Paul Ryan to Tell CPAC: 'Go Bold' in 2012 or Go Home

Ryan said he'll stress to CPAC attendees that it's not enough to say the president is doing a bad job, but that conservatives must confront arguments that paint the right's vision as "an agenda of social Darwinism" with a cruel society where only the strong survive.

"There's a moral high ground here and we have to defend that," he said. "We believe in equal opportunity, not equality of outcome."

That includes not banking on "default elections," Ryan said, but a presidential contest that "gives the people of our communities, our country an affirmative choice to vote for."

Ryan did not endorse a presidential candidate in 2008 and has not yet offered any of the GOP hopefuls his endorsement (here's a list of current endorsements in Congress).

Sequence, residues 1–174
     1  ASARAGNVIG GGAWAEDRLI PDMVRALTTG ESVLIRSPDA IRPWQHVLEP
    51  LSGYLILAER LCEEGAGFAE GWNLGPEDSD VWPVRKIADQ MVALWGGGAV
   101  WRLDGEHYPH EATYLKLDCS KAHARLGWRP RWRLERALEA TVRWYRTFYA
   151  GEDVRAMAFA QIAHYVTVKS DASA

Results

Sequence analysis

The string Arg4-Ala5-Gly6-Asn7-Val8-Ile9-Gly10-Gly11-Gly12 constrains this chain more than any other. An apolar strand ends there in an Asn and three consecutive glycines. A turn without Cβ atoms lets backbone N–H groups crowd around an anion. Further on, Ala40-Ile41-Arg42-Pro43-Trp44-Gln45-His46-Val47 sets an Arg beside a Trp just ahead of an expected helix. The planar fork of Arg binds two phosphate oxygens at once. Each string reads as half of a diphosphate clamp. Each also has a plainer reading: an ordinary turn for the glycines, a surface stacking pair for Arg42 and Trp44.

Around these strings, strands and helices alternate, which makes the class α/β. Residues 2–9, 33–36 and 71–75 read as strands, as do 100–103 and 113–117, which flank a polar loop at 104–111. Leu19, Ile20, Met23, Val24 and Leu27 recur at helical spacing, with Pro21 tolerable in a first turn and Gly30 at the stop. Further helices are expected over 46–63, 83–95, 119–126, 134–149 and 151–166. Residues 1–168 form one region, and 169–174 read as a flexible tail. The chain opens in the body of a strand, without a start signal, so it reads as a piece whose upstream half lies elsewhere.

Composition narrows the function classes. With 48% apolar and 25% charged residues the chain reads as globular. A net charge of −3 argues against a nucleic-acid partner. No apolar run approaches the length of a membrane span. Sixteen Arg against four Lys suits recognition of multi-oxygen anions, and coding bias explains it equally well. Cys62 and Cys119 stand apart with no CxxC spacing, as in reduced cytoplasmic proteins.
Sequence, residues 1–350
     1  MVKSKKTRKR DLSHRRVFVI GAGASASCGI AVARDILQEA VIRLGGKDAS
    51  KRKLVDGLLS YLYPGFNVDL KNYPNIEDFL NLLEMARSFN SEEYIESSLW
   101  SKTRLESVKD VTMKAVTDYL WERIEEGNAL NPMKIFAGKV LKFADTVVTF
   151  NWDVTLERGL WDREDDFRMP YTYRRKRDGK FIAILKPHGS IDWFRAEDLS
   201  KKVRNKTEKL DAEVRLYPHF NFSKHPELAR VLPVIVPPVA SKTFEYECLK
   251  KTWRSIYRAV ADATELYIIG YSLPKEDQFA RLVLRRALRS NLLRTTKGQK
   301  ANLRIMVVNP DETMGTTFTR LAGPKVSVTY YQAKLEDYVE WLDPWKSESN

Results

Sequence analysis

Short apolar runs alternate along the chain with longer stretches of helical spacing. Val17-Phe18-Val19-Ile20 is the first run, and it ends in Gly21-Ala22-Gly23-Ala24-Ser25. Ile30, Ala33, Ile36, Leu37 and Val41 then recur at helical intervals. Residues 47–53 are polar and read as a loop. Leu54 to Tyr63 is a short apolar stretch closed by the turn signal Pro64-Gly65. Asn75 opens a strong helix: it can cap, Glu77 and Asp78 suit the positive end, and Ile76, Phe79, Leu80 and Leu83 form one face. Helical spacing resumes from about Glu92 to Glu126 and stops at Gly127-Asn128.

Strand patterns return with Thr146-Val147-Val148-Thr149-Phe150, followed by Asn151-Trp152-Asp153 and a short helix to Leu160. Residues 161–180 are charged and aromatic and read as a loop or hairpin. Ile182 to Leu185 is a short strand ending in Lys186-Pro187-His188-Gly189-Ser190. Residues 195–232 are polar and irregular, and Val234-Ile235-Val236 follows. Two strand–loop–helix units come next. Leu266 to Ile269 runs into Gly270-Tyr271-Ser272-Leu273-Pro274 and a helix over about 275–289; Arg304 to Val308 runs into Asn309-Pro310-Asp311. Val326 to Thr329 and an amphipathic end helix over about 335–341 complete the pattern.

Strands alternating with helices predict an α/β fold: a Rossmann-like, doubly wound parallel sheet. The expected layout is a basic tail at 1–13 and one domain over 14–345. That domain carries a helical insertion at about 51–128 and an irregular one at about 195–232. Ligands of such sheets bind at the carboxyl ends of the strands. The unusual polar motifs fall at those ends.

When asked in the conference call about Romneycare as an inspiration for Obamacare, Ryan said the mandate in Mitt Romney's Massachusetts healthcare system did carry over to Obama's health reform.

Ryan said, though, that Romney "has done a pretty good job of saying he would not do this at the federal level," and he expected any eventual GOP nominee to oppose Obamacare.

Romney is also scheduled to speak at CPAC, along with fellow presidential candidate former Sen. Rick Santorum (R-Pa.). Former House Speaker Newt Gingrich and his wife, Callista, are scheduled to introduce a screening of the film Ronald Reagan: Rendezvous with Destiny.